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The news from July.

By Featured, News

Illustration by Rohan McDonald.

Chicago May Soon Host America’s Largest Universal Basic Income Trial To Date

Chicago Alderman Ameya Pawar is currently endorsing a pilot Universal Basic Income (UBI) program for Chicago. 36 Chicago aldermen are co-sponsoring the plan.

For the trial, $500 a month would be given to 1000 families, and their Earned Income Tax Credit adjusted to monthly payments (known as ‘smoothing’). Chicago would be the largest city to run a UBI trial in national history.

Pawar ran for the Illinois Gubernatorial candidacy as a Democrat earlier this year, losing to billionaire and hotel heir J.B. Pritzker. Concerned that automation will lead to a loss of jobs and a subsequent rise in extremism from a discontented population, Pawar is pushing for this UBI test in the hopes that it will lead to a wider and more permanent implementation of the program.

Michael Tubbs, the mayor of Stockton, California, is rolling out a similar UBI trial, starting in 2019. Alaska has a yearly equivalent in place.   


Chicago Didn’t Lift Spray Paint Ban of 26 Years as Planned

An ordinance to lift a spray paint ban in place in Chicago since 1992 has been drifting through City Council limbo for the past two years. This past July, it looked like it would finally be passed. It didn’t.

The original spray paint ban took two years to pass, after being put on hold when paint executives promised thousands of gallons of paint to cover the city’s graffiti in exchange for not banning spray paint sales. According to the National Paint and Coatings Association, Chicago is the only city with such a ban. It was challenged a number of times, but upheld by the US Supreme Court in 1995.

Though Alderman Edward Burke (14th) was the original author of the ban, he also co-authored the new ordinance alongside Alderman Matt O’Shea (19th). When the ordinance didn’t pass, it was referred back to the Finance Committee, chaired by Burke.

The ordinance was proposed to help retailers in suburb-bordering wards retain more business. These retailers lose many customers to suburban stores that stock the spray paint Chicago stores lack, according to Burke and O’Shea. Those against the ordinance argue that lifting the ban would allow taggers to run wild, and that the profit to the small businesses would be outweighed by clean-up costs.

According to the ordinance, spray paint would still only be sold to customers above 18, kept inaccessible without employee assistance, and fines for illegal possession would be increased. Stores selling spray paint will also be required to display cards that warn readers of vandalism’s repercussions.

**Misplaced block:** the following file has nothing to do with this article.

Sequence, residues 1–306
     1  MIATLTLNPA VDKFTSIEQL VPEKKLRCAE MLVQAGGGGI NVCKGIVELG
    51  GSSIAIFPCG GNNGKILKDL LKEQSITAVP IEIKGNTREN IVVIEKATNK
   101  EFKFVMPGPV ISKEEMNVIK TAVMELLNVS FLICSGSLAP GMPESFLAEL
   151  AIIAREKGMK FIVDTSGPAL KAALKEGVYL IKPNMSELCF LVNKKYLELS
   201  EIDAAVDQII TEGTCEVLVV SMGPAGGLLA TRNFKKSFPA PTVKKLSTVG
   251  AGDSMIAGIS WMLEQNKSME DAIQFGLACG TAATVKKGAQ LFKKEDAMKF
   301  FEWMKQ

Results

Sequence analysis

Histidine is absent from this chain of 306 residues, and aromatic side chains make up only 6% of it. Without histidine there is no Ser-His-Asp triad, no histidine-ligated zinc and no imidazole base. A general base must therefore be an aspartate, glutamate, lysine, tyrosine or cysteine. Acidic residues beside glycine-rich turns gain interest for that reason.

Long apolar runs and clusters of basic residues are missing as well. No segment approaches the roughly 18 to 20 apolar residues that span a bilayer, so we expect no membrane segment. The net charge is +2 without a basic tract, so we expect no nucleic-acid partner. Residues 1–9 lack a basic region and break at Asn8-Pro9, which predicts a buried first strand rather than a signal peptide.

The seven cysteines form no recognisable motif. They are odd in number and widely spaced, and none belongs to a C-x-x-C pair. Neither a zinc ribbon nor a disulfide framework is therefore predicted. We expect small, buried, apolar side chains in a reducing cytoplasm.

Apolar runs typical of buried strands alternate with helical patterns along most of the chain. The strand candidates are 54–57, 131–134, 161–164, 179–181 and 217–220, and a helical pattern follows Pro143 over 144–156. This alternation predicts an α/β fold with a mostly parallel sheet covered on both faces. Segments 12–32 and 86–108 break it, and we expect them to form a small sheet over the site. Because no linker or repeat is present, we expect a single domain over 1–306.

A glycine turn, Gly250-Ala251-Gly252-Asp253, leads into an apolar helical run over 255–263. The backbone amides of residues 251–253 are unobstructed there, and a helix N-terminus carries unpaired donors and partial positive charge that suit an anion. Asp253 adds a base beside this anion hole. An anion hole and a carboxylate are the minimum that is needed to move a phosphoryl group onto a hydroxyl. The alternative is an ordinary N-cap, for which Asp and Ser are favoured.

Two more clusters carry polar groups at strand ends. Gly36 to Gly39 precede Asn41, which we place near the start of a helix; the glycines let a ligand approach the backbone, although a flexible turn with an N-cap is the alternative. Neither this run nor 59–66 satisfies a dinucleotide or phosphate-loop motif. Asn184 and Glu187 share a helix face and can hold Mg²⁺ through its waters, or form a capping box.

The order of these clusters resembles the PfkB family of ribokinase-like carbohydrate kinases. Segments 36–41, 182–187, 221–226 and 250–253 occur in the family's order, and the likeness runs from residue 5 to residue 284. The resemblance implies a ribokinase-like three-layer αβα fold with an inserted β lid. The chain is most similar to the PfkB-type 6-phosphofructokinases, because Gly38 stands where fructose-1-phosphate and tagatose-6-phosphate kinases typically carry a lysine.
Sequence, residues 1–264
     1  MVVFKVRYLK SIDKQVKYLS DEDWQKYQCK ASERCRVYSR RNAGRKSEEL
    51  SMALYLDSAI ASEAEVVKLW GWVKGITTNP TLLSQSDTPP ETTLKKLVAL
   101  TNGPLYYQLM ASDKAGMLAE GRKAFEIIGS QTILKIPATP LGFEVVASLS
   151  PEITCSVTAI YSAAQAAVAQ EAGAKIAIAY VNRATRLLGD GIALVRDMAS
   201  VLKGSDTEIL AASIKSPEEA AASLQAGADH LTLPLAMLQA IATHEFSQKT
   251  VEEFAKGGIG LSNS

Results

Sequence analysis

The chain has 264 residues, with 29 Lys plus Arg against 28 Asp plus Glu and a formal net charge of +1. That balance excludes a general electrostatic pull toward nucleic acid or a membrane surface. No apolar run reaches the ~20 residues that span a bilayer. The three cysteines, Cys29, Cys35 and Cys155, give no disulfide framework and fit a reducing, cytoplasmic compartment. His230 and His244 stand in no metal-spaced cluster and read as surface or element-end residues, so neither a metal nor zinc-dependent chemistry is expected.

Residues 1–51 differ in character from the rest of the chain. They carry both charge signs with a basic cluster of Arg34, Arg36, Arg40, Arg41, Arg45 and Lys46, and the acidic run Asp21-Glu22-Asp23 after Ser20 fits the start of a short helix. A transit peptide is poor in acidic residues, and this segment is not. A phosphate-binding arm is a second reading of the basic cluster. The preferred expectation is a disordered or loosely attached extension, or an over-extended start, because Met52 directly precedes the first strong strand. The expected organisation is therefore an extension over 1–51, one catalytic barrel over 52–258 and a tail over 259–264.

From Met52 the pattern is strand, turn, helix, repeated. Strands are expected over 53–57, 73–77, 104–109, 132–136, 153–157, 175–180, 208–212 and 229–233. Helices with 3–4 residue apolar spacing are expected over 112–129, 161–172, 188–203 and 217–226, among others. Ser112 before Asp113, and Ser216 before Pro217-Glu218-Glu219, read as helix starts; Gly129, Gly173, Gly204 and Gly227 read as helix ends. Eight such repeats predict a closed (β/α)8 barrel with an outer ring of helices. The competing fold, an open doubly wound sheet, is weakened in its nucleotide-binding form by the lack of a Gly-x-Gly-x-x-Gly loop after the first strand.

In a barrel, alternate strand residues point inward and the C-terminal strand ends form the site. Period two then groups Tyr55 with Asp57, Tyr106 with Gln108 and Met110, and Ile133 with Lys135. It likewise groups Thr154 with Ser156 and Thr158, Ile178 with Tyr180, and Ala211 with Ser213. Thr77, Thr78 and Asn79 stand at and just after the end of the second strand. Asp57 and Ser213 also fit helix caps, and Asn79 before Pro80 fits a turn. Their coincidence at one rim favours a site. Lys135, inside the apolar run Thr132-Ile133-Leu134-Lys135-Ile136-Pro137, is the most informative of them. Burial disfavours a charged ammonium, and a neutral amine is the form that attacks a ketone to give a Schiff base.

A Pilsen Church Continues the Two-Year Struggle to Hold onto its Home

The Society of St. Adalbert held an emergency meeting in Logan Square earlier this month after the Archdiocese of Chicago confirmed the historic St. Adalbert Roman Catholic Church would soon be put back up for sale. The archdiocese has justified the closure by the declining attendance of a dwindling family community that is being increasingly priced out of the neighborhood, as well as high repair costs.

The archdiocese revealed plans to conglomerate six of Pilsen’s Catholic churches — including St. Adalbert — into three in 2016. The building was put up for sale that year and the Chicago Academy of Music seemed set to buy it, but the deal later fell through.

The society is aiming to raise $1 million to acquire the historic building. Though more than $3 million is needed for repairs overall, the Society hopes that the $1 million in funds raised will show the Archdiocese that the community is serious about investing in the church’s future.

If successful in its fund-raising efforts, the Society plans to convert the church’s convent into a bed and breakfast. Profits from the endeavor will go towards tower repairs and building upkeep, amongst other expenses. The sanctuary would remain a religious area.

St. Adalbert was founded in 1874 by Polish immigrants. The current building opened its doors in 1912. Over time, Pilsen’s Polish community shrunk while its Mexican community grew; both communities now come together in the space. Weekly services are held in English and Spanish, and a monthly mass occurs in Polish.


Aldermanic Prerogative Perpetuates Segregation in Chicago Neighborhoods, According to a New Report

A report released this month has found that Chicago aldermen have been using their ability to decide zoning and land use to maintain the division of communities along lines of race and class since the 1930s.

The report, titled “A City Fragmented,” critically investigates the aldermanic power to control affordable housing developments. As it stands, aldermen hold almost complete control over development projects in their wards, making decisions subject to political maneuvers and neighborhood opposition to racial change, according to the report.

If an alderman does not support a development, according to aldermanic prerogative any zoning changes or permits the development needs will be voted down if they ever reach the full City Council. According to the report, this system leads to almost no lower-income housing on the North Side and almost no developments to attract middle-class families to the South and West Sides, trapping working-class families into pockets of residential poverty.

“The consequence of aldermanic prerogative has been decades of missed opportunities to develop affordable housing in areas lacking a sufficient supply. The impact of that loss is felt by all racial and ethnic groups in need of affordable housing, but disproportionately by black and Latinx families,” the report states.  

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